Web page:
The Director General of the GSMA has said he believes two themes – 5G and Artificial Intelligence - would define the “most ambitious and exciting MWC yet” and help usher in an era of “intelligent connectivity.”
Speaking in a keynote at the event, Mats Granryd cited recent deployments at the 2018 Winter Olympics and the accelerated schedule for commercial rollouts as evidence of the shift.
He said that by 2025, there would be 1.2 billion connections and 5G networks would cover 40 percent of the world’s population, helping power new technologies such as augmented and virtual realities.
Intelligent Connectivity Era
But it is AI which will benefit the most from 5G, he argued, adding that the concept has been around for decades but it is only the advances in machine learning and adoption of smartphones that have made it a reality. Superfast 5G connectivity, he said, was the final piece of the jigsaw.
“To be truly life changing, AI needs hyper-connectivity with ultra-high speed and ultra-low latency,” he said. “We will move into an area when we connect everything and everyone intelligently. “Voice will replace the screens that dominate our lives today.”
The GSMA has always promoted the mobile industry as a positive force for society and Granryd stated his belief that mobile networks can help tackle inequalities, the environment and disasters. Digital wallets, mobile health applications and real time translation for displaced refugees were three examples he cited.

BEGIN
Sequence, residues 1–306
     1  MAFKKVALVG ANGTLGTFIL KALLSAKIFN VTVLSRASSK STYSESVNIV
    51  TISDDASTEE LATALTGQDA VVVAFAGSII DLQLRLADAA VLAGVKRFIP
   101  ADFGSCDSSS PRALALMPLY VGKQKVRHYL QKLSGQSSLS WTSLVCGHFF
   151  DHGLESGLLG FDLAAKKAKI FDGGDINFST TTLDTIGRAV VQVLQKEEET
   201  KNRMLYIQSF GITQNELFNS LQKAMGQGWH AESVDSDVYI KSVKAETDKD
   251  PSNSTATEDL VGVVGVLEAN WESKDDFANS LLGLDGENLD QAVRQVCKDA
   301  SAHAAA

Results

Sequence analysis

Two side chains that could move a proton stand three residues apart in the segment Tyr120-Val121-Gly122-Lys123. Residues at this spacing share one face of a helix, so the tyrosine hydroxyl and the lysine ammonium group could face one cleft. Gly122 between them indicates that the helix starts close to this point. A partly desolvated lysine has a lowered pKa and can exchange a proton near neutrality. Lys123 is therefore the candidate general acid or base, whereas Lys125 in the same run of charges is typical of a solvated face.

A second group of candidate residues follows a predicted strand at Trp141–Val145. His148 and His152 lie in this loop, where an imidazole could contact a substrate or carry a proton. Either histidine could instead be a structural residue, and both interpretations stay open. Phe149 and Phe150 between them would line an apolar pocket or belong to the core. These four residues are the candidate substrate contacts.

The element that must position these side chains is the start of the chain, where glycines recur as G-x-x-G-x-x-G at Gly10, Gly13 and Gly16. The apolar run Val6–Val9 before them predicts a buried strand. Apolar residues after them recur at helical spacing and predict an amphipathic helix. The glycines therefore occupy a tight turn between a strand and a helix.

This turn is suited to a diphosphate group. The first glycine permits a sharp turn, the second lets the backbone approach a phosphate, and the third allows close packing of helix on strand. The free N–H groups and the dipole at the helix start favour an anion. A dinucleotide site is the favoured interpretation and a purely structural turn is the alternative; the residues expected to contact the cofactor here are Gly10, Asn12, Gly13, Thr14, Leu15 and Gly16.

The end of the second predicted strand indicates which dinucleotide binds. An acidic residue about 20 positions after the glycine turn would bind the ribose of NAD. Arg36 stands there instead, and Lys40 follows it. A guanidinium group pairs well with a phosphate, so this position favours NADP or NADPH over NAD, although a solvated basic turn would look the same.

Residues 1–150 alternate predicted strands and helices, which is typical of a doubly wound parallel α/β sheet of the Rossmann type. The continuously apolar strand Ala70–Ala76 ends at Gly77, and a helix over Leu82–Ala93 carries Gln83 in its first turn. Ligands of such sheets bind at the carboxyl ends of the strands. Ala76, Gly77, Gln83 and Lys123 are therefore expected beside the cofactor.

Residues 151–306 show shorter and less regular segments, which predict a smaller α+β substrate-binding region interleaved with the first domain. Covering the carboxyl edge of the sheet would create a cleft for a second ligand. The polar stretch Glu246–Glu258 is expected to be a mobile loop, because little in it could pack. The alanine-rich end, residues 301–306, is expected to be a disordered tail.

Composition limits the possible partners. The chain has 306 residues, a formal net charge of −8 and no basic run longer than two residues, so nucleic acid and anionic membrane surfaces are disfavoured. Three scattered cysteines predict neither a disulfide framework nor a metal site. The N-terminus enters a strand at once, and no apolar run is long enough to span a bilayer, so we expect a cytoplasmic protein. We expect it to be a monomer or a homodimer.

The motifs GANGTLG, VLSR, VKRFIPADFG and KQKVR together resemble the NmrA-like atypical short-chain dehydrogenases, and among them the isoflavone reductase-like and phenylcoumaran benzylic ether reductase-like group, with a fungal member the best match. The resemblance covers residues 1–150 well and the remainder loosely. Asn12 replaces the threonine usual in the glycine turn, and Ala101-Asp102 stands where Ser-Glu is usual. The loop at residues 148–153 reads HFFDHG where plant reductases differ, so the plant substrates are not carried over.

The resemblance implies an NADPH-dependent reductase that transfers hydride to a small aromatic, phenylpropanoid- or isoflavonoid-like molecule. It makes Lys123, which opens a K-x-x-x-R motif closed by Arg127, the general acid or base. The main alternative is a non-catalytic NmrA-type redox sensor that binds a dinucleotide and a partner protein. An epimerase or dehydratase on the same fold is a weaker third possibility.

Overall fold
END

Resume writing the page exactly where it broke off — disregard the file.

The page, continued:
“The theme of this event is creating a better future,” he explained. “Mobile now connects more than 5 billion people or two thirds of the world’s population. By 2025 that number will be near 6 billion. Our industry is spurring innovation and developing exciting new opportunities. I feel we have an obligation to use our mobile networks to help the UN achieve their sustainable development goals.”
Of course, the other ambition of the GSMA is to promote its members’ interests and the issue of favourable regulation is never too far away.
Granryd argued that the sector contributes $3.6 trillion to the global economy and creates $500 in public funding – excluding fees paid in spectrum auctions. He called for harmonised spectrum releases, a more open approach towards consolidation and privacy and data protection rules.
“This vision of intelligent connectivity requires a friendly regulatory environment. Operators will invest $500 billion by 2020 and these are only possible if we have a regulatory framework fit for the digital age.”
“All these [factors] are crucial for a vibrant digital economy.”
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